Fiber function for laser cutting
Trumpf has developed the BrightLine fiber function for solid-state laser cutting machines.
Farmington, CT - Solid-state lasers have become increasingly popular, especially for processors looking to cut thin sheet metal. Unfortunately, solid-state lasers' inability to cut heavier-gauge materials with the same quality as their CO2 counterparts has been a drawback for those who need to cut both thick and thin metals. With the development of BrightLine fiber by Trumpf, the CO2 laser no longer has the same advantage.
When Trumpf's latest 2D solid-state laser cutting machines are equipped with this function, they are able to cut thick stainless steel without compromising on the quality of the cut. For example, when the TruLaser 5030 fiber with a 5-kilowatt solid-state laser runs with the BrightLine fiber option, the machine can cut stainless steel even as thick as 1 inch at a cut quality comparable to that of a CO2 laser-equipped machine. (Editor's note: Because BrightLine technology is still in the patent process, the company was unable to offer more detail on how it works for this article.) The technology also produces small holes and tight contours in thick sheet metal, while boosting cut quality and productivity for mild steel between 0.6 and 1 inch. Consequently, this system can cut all the standard types and thicknesses of materials at excellent quality.
BrightLine fiber technology changes the way manufacturers make a decision in regards to laser resonators. Until now, the decision was frequently made by comparing the cut quality of the parts at varying thicknesses and determining the best fit for most jobs. Those who chose to invest in a solid-state laser typically focused on thin sheet and 02 flame cutting. With BrightLine fiber, there is no significant difference in terms of the quality, so the factors that influence this purchase decision can be based on new criteria.
Additional factors come into play, especially where companies have unusual applications or demands. A processor should consider additional features of the machine or laser, such as a function for water-assisted laser cutting. Connection to a laser network where, for instance, a 2D laser cutting machine and a welding cell share a laser source, is possible only with the solid-state laser. The option to perform multiple processing steps with one laser is easily overlooked, yet it may be highly lucrative to the right shop.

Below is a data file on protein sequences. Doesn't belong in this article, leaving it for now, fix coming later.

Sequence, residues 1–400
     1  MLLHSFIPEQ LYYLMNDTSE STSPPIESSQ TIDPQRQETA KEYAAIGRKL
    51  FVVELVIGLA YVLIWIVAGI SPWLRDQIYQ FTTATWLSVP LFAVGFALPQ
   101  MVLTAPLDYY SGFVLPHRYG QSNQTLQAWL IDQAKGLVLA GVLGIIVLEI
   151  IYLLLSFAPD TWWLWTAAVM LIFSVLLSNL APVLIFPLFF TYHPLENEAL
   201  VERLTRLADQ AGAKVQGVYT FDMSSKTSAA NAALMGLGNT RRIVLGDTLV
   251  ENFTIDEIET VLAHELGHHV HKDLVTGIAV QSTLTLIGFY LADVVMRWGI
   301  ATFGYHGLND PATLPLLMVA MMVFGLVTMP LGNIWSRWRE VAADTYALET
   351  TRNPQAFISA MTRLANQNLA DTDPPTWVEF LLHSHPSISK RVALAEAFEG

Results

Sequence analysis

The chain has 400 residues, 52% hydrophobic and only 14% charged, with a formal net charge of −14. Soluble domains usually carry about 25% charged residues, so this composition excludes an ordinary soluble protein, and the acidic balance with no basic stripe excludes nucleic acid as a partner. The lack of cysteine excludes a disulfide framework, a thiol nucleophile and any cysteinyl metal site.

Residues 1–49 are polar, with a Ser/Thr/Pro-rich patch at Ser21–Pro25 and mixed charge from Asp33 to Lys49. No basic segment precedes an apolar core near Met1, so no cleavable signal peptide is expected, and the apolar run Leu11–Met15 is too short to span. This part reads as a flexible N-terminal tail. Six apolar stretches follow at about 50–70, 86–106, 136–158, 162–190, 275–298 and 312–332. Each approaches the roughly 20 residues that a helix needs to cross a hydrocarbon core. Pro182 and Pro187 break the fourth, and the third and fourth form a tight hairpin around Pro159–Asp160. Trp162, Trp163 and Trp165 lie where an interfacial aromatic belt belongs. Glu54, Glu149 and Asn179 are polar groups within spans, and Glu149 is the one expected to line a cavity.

The feasibility of the cut must also be explored. A sheet metal part cut from 2-inch stainless steel, for example, is only possible with a CO2 laser, while nonferrous or highly reflective metal can only be cut with a solid-state laser.
The overall economy of a 2D laser system is also influenced by other factors, including various options for automation and software. All the decision-making criteria have to be considered in order to find the ideal system for any given customer. Processors should perform a detailed economic efficiency calculation to determine the true cost of production and should consider their own preferences and experiences with running and maintaining a laser system.
The solid-state laser and the CO2 laser exhibit strengths in different areas, depending on the details of the application. Just as some cars run on gasoline and some on diesel, both solid-state and CO2 lasers will continue to get their users from point A to point B. It's simply a matter of calculating which one does the job the most economically.